The film, Captain from Castile, was presented to me as a sidebar of sorts, as a follow-up to my having asked Terry about his literary influences. (To be truthful: despite writing this feature for a literary/arts journal, I forgot to ask Terry to discuss his literary influences, and had to email him the following day.) Asking for a writer's favorite books is a shitbag thing to do in person. and it's a triple shitbag thing to ask over email. Bless him. though. Terry obliged me, despite his agreement that such listicles feel both "weird ... and shaky pretentious." He noted an early interest in the Beats, and in Paul and Jane Bowles: he listed Flannery and Faulkner and Patti Smith's "travelogue" books, alongside poetry by Ai and Sylvia Plath and Philip Levine and Susan Howe; and, to cite the email itself:
pretty much everything by:
Add to this scrum the massive theater presenceAllen's multiform series Ghost Ship Rodez: The Momo Chronicles is an extensive. interdisciplinary consideration of Antonin Artaud-along with Robbe-Grillet's For a New Novel (which he read in the '70s, along with Barthes). Out of an email reply, a literary tabernacle was framed.
But about that film. A follow-up email made note of two adventure novels from Terry's boyhood: Sabatini's Captain Blood, and Shellabarger's Captain from Castile. He wrote that the books. and their adaptations (Errol Flynn in Blood, and Tyrone Power in Castile), ·stayed with me. [They) pretty much saved my life ... if not invented it."
Pause on that "saved" and "invented" for a moment. I did, and then I streamed Captain from Castile (1947). an epic film set in sixteenth-century Spain, binding the Inquisition to imperialist might as it drilled down on a goodheart. the captain, who flees injustice by sailing halfway round the world, only to wind up in the company of Cortes. The Castilian is an adventurer caught in the twist of moral turbulence. Watching the film with Terry's work in mind was like witnessing a lighter spark before taking flame.
My manifesto of Am Nots includes being any type of film reviewer. Thus, in associative words. terms, or phrases-and with a wink to Allen's own use of narrative fragments-Captain from Castile features: adventure boy runaway-ism and masculine conquest: Inquisition Spain, year 1517; an escaped Aztec slave who is abetted by our hero: love across class lines; infanticide and matricide: a renouncing of God; an escape to the New World: the hubris and cunning of Cortes: his penetration and demolishment of the Aztec empire, AKA his bloody clamoring for anything to jack his name into history (plus gold, gold, gold); various body stabs and head wounds; the confident salacity of the Spanish-dancing Jean Peters; how her blouse drapes her body as she twirls for the legion; the high-bred captain himself, throttled by class, conquest, Christ (and Jean Peters); the 20,000 extras on set!; the epic shot of the horde marching across the lava plain in front of an active, smoking volcano cone; the film score: Oscar nod; the mutineers, traitors, thieves, and ships set aflame; the good captain's ability to excel, to sell out, to come back from the dead; to redefine and remake himself ... as civilizations are both eradicated and breech-born before his eyes.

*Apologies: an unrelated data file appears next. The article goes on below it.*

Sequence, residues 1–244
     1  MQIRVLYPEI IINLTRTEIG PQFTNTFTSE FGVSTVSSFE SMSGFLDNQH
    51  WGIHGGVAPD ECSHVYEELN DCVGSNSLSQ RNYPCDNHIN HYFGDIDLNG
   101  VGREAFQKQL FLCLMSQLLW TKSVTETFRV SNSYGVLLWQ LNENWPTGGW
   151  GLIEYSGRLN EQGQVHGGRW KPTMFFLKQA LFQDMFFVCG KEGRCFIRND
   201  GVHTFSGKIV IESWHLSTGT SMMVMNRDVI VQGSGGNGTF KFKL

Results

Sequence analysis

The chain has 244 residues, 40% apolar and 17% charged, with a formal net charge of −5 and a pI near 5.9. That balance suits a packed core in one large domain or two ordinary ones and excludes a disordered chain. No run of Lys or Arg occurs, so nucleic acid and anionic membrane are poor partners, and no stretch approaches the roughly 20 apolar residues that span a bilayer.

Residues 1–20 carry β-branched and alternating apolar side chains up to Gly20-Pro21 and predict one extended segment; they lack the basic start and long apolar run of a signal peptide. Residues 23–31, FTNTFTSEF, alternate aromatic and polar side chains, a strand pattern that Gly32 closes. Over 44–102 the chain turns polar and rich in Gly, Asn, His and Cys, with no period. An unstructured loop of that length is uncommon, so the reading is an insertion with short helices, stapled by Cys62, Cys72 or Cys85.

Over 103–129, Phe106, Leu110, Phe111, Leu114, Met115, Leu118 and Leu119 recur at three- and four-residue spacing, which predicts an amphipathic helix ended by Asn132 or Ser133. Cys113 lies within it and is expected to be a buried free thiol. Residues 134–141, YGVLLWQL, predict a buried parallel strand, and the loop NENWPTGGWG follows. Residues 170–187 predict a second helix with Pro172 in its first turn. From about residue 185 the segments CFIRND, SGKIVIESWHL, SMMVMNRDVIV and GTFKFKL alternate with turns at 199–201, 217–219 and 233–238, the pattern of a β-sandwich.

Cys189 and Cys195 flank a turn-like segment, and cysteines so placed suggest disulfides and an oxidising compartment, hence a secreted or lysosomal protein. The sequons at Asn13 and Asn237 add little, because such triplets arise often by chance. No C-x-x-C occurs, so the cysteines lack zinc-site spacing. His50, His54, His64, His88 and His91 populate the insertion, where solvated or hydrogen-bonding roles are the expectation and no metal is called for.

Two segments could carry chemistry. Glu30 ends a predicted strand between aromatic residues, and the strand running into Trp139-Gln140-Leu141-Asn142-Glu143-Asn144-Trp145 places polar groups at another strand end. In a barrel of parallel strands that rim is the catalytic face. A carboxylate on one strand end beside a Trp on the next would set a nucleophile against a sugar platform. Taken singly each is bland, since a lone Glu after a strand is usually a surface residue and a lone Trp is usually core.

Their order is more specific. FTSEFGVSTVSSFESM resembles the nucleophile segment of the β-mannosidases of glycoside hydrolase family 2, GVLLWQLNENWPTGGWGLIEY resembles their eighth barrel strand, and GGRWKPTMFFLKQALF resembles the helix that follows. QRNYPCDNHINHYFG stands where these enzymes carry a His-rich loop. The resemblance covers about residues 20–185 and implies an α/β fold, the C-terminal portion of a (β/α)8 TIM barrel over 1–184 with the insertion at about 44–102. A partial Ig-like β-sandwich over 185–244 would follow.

All the while there is Cortes, Cortes, Cortes, whose exploits would bubble up in that masterwork, Juarez.
Unrest, violence, ridiculousness... war.
Alongside Allen's channeling of the Castile figure and universe, the relentlessness of war was a second focal takeaway of our talk. The subject limns Allen's "Warboy and the Blackboard Blues," from that multi-year Dugout cycle, the project/series Youth in Asia (exhibited from 1982-92), and the "American Childhood Suite" from Just Like Moby Dick. The latter, a song cycle, connects three generations of the militarized, linking the elementary school lessons of "duck and cover" ("1. Civil Defense") to the story of a female soldier headed to Iraq ("2. Bad Kiss"). The suite's closing section, "3. Little Puppet Thing." snarls at the dysfunction between citizen and state: "Make your body go here/Make your body go there ... Make you do/ What the good little puppets do."
Allen's family members had been in the navy or merchant marines during World War II, but Vietnam was the conflict that most affected him. "I was in LA all during the '60s, and pretty much in total opposition to the war. But I don't think it was a personal connection. It was ... like this virus. It was everywhere, but it wasn't in the house yet." (Of note: our call took place while we were locked up in our respective houses, an unseen viral terror sheeting the world, no idea of when any COVID-19 curve might fall, let alone any highway open up.)
The analogy also serves as keystone to Allen's insistence on mining the insidiousness of war culture, versus relying on the readymade, bow-wrapped, War Story itself.